Gremlins (1984)


This film bounds and skitters with bundles of both cute and chaotic madness to live up to the title and stand out as one of the most endearing and entertaining movies to fly out of the 1980’s. I have to shyly admit that I’d never seen this film before which deserves banishment but thankfully I’ve now seen it and with all the Christmas/saviour goings on and neat effects this is a big treat.

Mad inventor and father Randall Peltzer (Hoyt Axton) visits a Chinese antiques shop where he happens upon boxed Mowgai, a fluffy creature he calls Gizmo (Howie Mandel) and who he gives to his son Billy (Zach Galligan) before Christmas. This special gift comes with three important rules which end up being broken leading to gremlins taking over the town and running riot.

Joe Dante directs this family film with energy, the themes of family are present with a vague hint at blossoming romance thrown in for good measure. The biggest and most obvious direction is in terms of capturing the aftermath of the gremlins being spawned. There’s a fantastic mix of dark comedy and horror swirled in with what could have been a tweenie festive film. I was taken aback by how brutal some of the action is in the movie, practical effects really show off and Dante makes sure we see them all to come to terms with how scampish and nasty these green devils can be.

Home Alone and opening 2 Harry Potter director Chris Columbus writes the screenplay and you can feel his presence over the goings on. That fun and playful destruction idea rampages over the second act and third act beginning, it’s a wonder that Kevin McCallister didn’t crop up six years early to help set traps. The best writing comes with the emerging of Gizmo’s dark cousins that birth from his back after water spills over him. Their wanten need for death and crazed partying is hilarious and shifts the film into a cool darker patch than you’d expect if you didn’t know the premise. Columbus struggles with the softer side of storytelling here, the love between Billy and Kate Beringer is stilted and hurls to a kiss with no success of us cheering the development, also Kate’s dramatic past and dislike of the holiday season is a sour note in the script as it feels so dodgy and forced for an exposition trip down memory lane.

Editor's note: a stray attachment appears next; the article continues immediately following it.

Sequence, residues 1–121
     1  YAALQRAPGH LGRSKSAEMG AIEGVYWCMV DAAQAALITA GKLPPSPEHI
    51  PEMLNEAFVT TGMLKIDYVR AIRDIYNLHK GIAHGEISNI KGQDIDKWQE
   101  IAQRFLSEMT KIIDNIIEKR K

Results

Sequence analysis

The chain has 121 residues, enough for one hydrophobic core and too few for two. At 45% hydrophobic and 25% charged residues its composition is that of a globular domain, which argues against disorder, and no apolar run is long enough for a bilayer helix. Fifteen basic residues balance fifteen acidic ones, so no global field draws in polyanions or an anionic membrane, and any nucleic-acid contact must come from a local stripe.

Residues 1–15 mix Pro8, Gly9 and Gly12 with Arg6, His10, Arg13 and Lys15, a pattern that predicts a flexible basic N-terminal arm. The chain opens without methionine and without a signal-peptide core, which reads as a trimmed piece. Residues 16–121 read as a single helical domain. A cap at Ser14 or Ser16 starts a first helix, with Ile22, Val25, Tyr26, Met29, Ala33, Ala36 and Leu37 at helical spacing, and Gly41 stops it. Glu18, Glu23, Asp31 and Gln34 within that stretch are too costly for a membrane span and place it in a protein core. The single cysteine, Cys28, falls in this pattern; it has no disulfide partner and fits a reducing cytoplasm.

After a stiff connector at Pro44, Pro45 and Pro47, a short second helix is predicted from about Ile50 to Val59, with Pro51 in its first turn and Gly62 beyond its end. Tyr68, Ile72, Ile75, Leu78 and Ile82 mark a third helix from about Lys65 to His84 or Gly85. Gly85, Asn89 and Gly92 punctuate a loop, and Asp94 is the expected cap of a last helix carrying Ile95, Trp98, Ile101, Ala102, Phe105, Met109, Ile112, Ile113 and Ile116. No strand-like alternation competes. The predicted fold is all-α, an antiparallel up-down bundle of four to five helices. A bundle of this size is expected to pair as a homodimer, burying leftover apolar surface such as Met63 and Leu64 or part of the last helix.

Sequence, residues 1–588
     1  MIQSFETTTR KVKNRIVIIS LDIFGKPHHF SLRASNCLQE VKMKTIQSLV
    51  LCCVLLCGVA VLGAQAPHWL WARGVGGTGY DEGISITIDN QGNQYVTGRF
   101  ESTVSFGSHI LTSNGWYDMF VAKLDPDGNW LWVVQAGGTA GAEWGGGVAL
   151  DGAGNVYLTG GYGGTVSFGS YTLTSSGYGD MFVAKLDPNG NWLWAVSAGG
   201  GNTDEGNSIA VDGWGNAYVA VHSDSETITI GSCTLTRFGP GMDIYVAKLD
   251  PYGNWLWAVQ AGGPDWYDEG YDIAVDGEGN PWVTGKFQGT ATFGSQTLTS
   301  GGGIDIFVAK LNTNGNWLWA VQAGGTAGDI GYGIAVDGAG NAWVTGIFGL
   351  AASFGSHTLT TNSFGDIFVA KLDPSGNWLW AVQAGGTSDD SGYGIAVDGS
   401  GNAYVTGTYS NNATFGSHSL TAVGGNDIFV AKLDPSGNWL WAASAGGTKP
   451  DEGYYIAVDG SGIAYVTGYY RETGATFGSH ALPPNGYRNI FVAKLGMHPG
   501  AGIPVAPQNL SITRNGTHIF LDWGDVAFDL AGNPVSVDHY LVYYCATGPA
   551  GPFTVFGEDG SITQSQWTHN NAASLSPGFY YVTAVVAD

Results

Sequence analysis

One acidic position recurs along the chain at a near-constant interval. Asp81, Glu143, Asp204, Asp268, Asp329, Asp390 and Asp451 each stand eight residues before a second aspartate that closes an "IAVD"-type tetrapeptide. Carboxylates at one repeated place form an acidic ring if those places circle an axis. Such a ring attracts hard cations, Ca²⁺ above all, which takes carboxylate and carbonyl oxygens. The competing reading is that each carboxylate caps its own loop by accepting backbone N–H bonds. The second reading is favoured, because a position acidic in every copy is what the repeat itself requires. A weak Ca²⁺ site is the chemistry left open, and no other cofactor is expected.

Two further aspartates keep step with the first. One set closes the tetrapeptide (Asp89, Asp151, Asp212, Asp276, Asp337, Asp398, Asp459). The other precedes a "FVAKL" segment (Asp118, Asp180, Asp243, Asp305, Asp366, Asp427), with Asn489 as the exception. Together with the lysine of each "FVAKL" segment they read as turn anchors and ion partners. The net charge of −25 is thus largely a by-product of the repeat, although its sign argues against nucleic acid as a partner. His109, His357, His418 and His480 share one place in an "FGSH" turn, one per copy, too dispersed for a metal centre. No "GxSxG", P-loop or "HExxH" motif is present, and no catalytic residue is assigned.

The effects are so so good. The puppetry and mechanical movements of Gizmo, Stripe and the crowd of gremlins makes the film burst alive and gives it a lot of character. I like the fact you can see there puppet motions also, it adds a delightful amount of charm and I respect films working tiresly to make something achievable. I shudder at the thought of the whispered third Gremlins because I just know they’ll jump to using computer effects which will lose all of the magic.

In this feature, there’s standouts as we see Stripe lead his merry gang to scare the willies out of Billy’s mum, the scene in the Irish bar is all kinds of awesome as we see the true effects of the team behind the gremlins come to fruition with gross creatures drinking, gambling, swinging from fans and terrorizing Kate. The Snow White and the Seven Dwarfs cinema sequence is also fun to watch and serves as a great possible ending to only swerve into another stand out set in a department store.

Zach Galligan is the reliable and comfortable lead, making a film debut for his role as Billy he manages to be assured and believable in his adoration for Gizmo and his kindness for saving the town. It’s not much more of a rounded character but it doesn’t really need to be. Phoebe Cates comes to a less sexualised role and plays the nice Kate, that’s it, she’s nice and besides that she doesn’t do a lot sadly. Hoyt Axton is great at playing the buffoon with many dumb ideas yet he’s got his heart in the right place.

I can now tick this off the list and happily so because ‘Gremlins’ is a classic of entertainment films. It’s wild, dark and could be viewed as a look on the world of consumerism but really it’s a fun comedy horror that doesn’t let up.




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